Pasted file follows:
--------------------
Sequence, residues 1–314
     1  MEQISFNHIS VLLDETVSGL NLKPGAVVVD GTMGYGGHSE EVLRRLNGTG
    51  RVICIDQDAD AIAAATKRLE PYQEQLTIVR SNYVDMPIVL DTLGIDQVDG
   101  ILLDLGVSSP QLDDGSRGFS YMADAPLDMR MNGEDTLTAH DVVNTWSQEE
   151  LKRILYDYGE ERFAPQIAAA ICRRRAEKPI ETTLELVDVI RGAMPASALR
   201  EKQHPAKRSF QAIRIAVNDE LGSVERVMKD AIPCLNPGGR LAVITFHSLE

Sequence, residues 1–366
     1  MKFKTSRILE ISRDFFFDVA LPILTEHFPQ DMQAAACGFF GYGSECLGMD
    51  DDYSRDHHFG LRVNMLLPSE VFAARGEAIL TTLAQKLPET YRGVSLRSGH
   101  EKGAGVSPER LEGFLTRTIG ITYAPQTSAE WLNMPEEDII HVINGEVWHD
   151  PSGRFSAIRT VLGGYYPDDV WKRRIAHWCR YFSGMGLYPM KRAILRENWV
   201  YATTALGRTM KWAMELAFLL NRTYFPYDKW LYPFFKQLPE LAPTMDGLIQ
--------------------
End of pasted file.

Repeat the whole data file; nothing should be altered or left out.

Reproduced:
Sequence, residues 1–314
     1  MEQISFNHIS VLLDETVSGL NLKPGAVVVD GTMGYGGHSE EVLRRLNGTG
    51  RVICIDQDAD AIAAATKRLE PYQEQLTIVR SNYVDMPIVL DTLGIDQVDG
   101  ILLDLGVSSP QLDDGSRGFS YMADAPLDMR MNGEDTLTAH DVVNTWSQEE
   151  LKRILYDYGE ERFAPQIAAA ICRRRAEKPI ETTLELVDVI RGAMPASALR
   201  EKQHPAKRSF QAIRIAVNDE LGSVERVMKD AIPCLNPGGR LAVITFHSLE

Sequence, residues 1–366
     1  MKFKTSRILE ISRDFFFDVA LPILTEHFPQ DMQAAACGFF GYGSECLGMD
    51  DDYSRDHHFG LRVNMLLPSE VFAARGEAIL TTLAQKLPET YRGVSLRSGH
   101  EKGAGVSPER LEGFLTRTIG ITYAPQTSAE WLNMPEEDII HVINGEVWHD
   151  PSGRFSAIRT VLGGYYPDDV WKRRIAHWCR YFSGMGLYPM KRAILRENWV
   201  YATTALGRTM KWAMELAFLL NRTYFPYDKW LYPFFKQLPE LAPTMDGLIQ